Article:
And now to try to twist things and explain what I think Queen’s Artist is really about without using too many words. I’ve implied with what I’ve written so far that there is more to this premise and to these characters. That is so. In actuality, Sarina has a crush on Fujii and a desire to be considered “normal”, and Fujii (while still foolish) comes at his dreams with entirely earnest intentions — wanting to help his poor family by making millions in the manga industry (the unlikelihood of this cannot pierce his barrier of naivety). Yukimori and Miyaji will take more talking about. Honestly, although Sarina looks like a main heroine and Fujii looks like a protagonist, early on a shift occurs and it’s incredibly obvious that Yukimori and Miyaji are the most important members of the cast. Yes, sure, Yukimori’s the title character (the “queen”), but it’s not as if she had much interest in Fujii, so the relationship proposed at the end of chapter 1 doesn’t feel like much. Really, she only demands porn from him in exchange for helping him not drop out of school from bad grades.
Now her relationship with Miyaji, that’s interesting. To give you some context before I initiate full analysis mode, after Yukimori makes an art slave out of Fujii, the two want to make a manga club at school to get money for art supplies. Miyaji (who is secretly only a temp teacher, not a staffed one) is someone they go to hoping he’ll back them up and make the club legitimate by being their adviser. They know Miyaji would never agree to it so they don’t ask at first, but by happenstance they manage to discover that he’s actually a professional-tier artist. He seems to be keeping this a secret, although staring at the fledgling Fujii and the slavedriving Yukimori who spurs him casts a few stray sparks into the teacher’s heart, alighting once more some old and long-faded flames.
Miyaji is a cynical failure (a mangaka who enjoyed success and then fell, hard) and Yukimori is a cynical outcast (a lesbian, something which becomes increasingly obvious, who had to leave her last school because of her sexuality). Whether they admit it or not, through their actions it’s shown that the two are attracted to one another — not necessarily romantically or physically, but just raw chemistry and interest. I think there’s a strong reason that although chapter 1 ends with Yukimori and Fujii, the cover of volume 1 shows Yukimori and Miyaji (furthermore, volume 2 pairs Sarina and Fujii instead). I believe if you could call anyone main characters, it would be Miyaji as MC (and the titular “queen’s artist”) and Yukimori as the main heroine. That said, this part of the series is such a tangled web I almost don’t want to set about unraveling it for explanation. But, well, I’ll try to do my best.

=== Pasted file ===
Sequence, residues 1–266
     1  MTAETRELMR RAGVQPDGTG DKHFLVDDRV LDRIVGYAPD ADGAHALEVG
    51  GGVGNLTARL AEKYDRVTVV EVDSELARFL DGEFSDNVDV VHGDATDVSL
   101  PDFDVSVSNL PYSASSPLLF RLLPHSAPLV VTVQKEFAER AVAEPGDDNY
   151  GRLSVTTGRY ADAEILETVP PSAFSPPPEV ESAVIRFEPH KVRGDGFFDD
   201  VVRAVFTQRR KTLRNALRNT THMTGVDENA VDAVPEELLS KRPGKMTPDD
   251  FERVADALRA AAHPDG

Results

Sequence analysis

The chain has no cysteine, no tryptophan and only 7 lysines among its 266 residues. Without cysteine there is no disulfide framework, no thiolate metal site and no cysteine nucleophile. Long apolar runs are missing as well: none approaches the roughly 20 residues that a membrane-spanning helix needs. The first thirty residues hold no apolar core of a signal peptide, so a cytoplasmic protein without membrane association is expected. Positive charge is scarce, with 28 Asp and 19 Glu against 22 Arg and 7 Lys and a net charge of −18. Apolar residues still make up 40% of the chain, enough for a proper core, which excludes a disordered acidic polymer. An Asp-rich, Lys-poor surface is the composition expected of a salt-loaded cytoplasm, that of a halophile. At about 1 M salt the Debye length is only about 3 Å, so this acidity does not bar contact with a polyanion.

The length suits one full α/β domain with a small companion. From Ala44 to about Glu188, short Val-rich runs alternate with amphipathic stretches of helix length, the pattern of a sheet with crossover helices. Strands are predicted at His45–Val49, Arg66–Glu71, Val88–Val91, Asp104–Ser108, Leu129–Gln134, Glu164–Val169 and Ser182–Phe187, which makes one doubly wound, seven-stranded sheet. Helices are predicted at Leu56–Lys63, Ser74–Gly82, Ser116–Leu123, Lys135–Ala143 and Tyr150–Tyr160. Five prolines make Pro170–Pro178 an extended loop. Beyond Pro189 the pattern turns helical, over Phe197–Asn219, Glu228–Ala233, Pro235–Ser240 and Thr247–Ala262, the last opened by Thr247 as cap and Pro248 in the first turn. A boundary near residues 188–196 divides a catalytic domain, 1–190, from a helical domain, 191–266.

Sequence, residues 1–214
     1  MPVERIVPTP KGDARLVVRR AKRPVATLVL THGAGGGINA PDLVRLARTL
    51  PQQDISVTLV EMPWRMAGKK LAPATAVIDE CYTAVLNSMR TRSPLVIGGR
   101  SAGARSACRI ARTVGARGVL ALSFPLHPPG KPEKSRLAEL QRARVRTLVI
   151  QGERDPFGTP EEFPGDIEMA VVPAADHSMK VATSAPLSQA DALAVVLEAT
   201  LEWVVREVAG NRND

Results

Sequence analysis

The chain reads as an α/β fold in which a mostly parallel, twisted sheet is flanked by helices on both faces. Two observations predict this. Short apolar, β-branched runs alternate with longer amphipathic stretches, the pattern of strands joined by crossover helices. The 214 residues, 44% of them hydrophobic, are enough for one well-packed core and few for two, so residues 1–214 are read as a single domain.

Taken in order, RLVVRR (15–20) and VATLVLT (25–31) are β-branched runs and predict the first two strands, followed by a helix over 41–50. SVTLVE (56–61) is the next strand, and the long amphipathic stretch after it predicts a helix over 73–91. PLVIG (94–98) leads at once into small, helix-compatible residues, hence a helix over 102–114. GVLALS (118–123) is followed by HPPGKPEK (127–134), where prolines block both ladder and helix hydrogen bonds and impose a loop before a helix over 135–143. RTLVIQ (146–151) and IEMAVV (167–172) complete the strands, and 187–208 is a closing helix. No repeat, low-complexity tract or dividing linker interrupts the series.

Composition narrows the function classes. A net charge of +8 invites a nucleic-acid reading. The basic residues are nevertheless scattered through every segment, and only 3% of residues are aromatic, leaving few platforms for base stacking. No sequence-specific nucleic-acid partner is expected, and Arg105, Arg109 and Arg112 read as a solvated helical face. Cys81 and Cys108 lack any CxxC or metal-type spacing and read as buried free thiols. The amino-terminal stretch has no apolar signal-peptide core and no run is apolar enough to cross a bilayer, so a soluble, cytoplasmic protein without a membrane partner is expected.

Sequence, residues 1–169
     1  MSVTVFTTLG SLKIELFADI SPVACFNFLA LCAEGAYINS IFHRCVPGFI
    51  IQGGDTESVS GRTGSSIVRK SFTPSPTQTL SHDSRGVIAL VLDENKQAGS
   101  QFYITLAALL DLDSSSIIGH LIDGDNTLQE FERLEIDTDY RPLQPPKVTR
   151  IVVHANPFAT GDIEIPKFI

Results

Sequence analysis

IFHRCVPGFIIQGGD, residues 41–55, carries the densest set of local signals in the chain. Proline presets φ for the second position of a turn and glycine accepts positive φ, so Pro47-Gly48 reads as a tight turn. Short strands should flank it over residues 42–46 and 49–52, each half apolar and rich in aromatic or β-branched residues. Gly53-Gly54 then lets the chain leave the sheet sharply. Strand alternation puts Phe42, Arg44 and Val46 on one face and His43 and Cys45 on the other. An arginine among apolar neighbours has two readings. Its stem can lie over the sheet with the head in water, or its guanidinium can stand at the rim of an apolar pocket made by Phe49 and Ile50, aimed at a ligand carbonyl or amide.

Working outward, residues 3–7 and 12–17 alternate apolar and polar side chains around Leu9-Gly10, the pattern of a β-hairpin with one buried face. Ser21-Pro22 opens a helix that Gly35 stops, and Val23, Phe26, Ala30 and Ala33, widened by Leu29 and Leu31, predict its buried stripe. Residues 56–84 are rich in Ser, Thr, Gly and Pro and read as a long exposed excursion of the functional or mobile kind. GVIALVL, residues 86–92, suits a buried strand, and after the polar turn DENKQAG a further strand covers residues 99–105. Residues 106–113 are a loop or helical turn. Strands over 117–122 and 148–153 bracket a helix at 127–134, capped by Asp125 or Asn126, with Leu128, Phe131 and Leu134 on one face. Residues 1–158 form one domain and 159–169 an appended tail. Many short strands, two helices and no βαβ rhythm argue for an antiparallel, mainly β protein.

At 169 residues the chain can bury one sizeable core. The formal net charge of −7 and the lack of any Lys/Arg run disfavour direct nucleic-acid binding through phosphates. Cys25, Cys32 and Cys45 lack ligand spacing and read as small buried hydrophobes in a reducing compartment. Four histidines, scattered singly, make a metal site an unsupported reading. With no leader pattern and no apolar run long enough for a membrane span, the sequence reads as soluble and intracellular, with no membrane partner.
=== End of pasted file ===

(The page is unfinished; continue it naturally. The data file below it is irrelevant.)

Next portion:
First I’ll say that soon enough Miyaji decides to advise the new manga club secretly (he has especially good reason to keep it secret — I’ll suggest what that is later), with Sarina bringing the member count to three by joining as a writer (by the way, Yukimori basically does nothing, but it’s hard to not follow her very commanding presence). With this happening, we learn 1) of Yukimori’s homosexuality (although she says she’s actually attracted to “cute”, so young boys are favored as well), which manifests as an interest (a very aggressive interest) in Sarina 2) about Sarina’s crush on Fujii, which arises in the form of rape fantasies in many cases (she apparently would like to be dominated) 3) that Fujii used to crush on Sarina but doesn’t exactly now 4) that Sarina is starting to return Yukimori’s interest, maybe and 5) that Miyaji is kind of interested in Yukimori (who may be interested in him??), except he has erectile dysfunction.
These relationship shenanigans are at once pretty significant and also completely made light of (except when Yukimori and Miyaji are together, the two that are basically stated to have the least likely spark of romance). I feel I have to mention them because this unignorable ball of one-sided or otherwise unspoken crushes in contrast really make it clear how special Yukimori and Miyaji are. Yukimori recruits Miyaji allegedly because he’s a “born loser”, and Miyaji is fascinated by Yukimori who seems so very free and unfettered, and also strong as hell in spirit but clearly physically weak (a contrast that really hits him for some reason). The two of them reveal a lot of secrets to one another and often chat about many problems with themselves or society, and a unique bond seems to form. Miyaji, who…well, still mostly doesn’t give a fuck about things, now gives more fucks because with Yukimori’s plans and pushing and prying into his past, Miyaji has basically felt alive again. As for Yukimori, she starts the manga as a recalcitrant bitch, but is presently a very happy and somewhat more sociable bitch after this whole manga ordeal.